Cruz-prepared Deauville looks tough enough
There were even fewer top riders in action at yesterday's trackwork session than the day before and meaningful work was thin on the ground, too.
There was one intriguing piece involving the now Tony Cruz-trained Deauville who, for some inexplicable reason, joined the burgeoning Cruz team from Patrick Biancone.
The master French mentor had done a superb job with Deauville who, but for the presence of a certain Privilege, would have won just about every top staying event over the past 12 months.
But there's nowt as queer as folk and Deauville left Biancone's care shortly before Christmas to join Cruz who has moved to 20 winners and is having a brilliant first season as a trainer and is already being spoken about as a future champion.
There aren't too many jockeys who make the transition from riding to training with such consummate ease as Cruz about whom the ace French pilot Eric Saint-Martin said recently: 'I don't know whether I can ride but Tony (Cruz) can certainly train.' So what can Cruz do with Deauville? Following Biancone is an exceptionally hard act but all should be revealed a week on Sunday when Deauville once again clashes with Privilege in the Centenary Vase.
This is a 2,200-metre handicap in which Deauville is set to receive a very handy 11 pounds from Privilege who is due to carry the topweight of 137 pounds, should he run.
Yesterday Deauville certainly looked on excellent terms with himself as he came through a solid 1,200-metre hitout under Saint-Martin in one minute 16.6 with a fluent last quarter in 23.3 seconds.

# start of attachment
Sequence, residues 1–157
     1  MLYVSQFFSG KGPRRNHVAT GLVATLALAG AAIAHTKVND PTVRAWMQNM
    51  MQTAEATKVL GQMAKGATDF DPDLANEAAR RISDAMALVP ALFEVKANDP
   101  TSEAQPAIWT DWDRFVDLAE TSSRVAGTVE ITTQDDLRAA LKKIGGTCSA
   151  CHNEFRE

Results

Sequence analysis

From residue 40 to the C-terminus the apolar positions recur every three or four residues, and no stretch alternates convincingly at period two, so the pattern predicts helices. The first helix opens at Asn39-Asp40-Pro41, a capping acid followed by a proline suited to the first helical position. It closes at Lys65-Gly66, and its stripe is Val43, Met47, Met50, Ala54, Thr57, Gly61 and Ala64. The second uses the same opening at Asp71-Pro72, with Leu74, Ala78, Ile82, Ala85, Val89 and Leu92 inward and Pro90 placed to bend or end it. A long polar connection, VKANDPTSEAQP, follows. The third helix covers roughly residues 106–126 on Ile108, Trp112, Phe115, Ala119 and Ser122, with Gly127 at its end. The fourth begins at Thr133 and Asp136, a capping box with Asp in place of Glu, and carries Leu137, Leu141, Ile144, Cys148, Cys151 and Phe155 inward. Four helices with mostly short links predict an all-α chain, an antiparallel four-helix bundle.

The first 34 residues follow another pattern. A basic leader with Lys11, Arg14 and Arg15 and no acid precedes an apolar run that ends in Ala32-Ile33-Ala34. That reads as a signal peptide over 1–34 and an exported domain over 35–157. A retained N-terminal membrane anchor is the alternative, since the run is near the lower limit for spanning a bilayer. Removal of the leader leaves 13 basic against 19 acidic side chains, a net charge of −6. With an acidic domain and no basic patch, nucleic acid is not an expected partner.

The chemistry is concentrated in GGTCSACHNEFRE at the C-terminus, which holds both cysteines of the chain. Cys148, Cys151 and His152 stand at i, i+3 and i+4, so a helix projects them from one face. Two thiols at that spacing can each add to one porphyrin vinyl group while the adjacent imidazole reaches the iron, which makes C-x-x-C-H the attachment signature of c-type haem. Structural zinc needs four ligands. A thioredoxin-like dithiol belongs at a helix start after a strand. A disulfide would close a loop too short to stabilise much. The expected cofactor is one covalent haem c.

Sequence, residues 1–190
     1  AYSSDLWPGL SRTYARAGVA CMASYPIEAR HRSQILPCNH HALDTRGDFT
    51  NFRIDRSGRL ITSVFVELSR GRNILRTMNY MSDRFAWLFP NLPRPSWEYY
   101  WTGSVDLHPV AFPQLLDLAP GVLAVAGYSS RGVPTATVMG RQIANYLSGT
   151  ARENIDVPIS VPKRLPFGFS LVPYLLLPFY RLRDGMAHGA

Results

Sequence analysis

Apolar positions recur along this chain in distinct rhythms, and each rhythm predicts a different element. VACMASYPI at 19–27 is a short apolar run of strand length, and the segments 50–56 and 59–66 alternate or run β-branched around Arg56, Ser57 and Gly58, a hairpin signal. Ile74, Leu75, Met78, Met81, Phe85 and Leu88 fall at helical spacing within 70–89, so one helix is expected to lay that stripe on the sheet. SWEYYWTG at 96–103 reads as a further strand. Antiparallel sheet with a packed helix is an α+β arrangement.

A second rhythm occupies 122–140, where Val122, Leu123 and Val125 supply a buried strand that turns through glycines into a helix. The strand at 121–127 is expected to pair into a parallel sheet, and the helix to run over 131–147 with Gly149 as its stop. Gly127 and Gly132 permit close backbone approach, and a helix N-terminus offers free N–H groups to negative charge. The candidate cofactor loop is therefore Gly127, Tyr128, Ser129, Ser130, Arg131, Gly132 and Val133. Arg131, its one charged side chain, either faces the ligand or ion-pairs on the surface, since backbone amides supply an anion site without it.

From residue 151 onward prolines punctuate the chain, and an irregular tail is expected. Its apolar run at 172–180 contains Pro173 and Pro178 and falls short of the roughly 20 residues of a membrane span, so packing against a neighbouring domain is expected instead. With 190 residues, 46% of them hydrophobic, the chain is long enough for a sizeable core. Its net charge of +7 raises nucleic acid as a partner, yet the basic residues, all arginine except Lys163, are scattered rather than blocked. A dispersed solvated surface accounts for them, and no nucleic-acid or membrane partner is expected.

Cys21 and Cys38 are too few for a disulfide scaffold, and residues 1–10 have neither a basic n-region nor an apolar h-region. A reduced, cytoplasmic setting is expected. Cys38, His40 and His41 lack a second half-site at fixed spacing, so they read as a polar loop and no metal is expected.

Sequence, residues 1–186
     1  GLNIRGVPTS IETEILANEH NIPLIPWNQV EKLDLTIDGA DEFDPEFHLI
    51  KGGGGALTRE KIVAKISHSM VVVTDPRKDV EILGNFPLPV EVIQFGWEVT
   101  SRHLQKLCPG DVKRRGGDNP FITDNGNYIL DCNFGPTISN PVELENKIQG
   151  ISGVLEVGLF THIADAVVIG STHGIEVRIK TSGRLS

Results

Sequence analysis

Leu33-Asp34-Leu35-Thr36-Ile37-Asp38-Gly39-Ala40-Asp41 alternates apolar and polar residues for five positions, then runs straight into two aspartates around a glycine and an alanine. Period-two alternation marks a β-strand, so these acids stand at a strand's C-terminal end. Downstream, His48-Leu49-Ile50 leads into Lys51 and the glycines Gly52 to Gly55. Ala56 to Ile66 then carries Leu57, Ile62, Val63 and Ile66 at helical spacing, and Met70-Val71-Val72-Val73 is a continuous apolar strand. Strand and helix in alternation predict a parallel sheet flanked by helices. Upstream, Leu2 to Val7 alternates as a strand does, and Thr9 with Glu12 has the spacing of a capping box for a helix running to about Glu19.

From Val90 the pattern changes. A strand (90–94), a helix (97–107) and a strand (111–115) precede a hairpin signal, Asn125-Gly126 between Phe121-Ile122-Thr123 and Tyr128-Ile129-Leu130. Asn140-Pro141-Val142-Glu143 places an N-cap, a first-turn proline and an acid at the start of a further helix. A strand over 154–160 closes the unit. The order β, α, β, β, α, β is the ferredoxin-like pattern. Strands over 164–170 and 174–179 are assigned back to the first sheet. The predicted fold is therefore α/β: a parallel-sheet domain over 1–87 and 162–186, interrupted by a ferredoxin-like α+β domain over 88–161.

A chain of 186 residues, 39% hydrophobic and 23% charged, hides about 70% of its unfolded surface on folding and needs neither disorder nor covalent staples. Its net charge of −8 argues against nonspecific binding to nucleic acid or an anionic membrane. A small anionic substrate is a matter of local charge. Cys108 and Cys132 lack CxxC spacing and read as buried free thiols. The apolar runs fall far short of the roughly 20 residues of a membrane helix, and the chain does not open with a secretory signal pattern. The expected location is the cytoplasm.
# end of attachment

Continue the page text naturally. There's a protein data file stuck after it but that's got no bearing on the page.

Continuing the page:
A feature of Cruz's training has been the condition horses put on after joining him.
They bulk up, but don't look fat, no matter from which trainer they departed.
Deauville has not put on as much as some but he appears to have added some weight and just the way he looks in himself points to a good run and an enthralling struggle with the tough-as-teak Privilege.
Philip Robinson has remained in the territory to ride work for retaining trainer David Hill, just as he did over the Christmas break.
'I've only just returned to the territory so I can hardly start going away on holiday,' is the Robinson creed.
Yesterday he put Seasons Wind through 1,200 metres in 1:20.4 seconds and while he is probably better than the form he has shown so far, stablemates Win Happiness and Toy Symphony looked the two to follow from this gallop.
In other work, Andy Leung seems to be nursing Equine Supremo back to peak form while David Hayes' impressive first-up winner Smashing Pumpkin has come out of his race in good shape. Light And Bright, from the Peter Ng Bik-kuen stable, continues to go really well in his work and can surely do something in a Class Five event sooner rather than later.
And down in Class Six, there looks to be a win in Tony P. H. Chan's Second To None who galloped yesterday in 1:15.5 under Saint-Martin.